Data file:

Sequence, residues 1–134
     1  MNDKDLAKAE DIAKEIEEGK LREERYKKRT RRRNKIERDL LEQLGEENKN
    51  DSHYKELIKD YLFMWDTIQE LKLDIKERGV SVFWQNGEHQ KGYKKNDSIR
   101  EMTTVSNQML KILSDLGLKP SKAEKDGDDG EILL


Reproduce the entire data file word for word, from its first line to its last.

Sequence, residues 1–134
     1  MNDKDLAKAE DIAKEIEEGK LREERYKKRT RRRNKIERDL LEQLGEENKN
    51  DSHYKELIKD YLFMWDTIQE LKLDIKERGV SVFWQNGEHQ KGYKKNDSIR
   101  EMTTVSNQML KILSDLGLKP SKAEKDGDDG EILL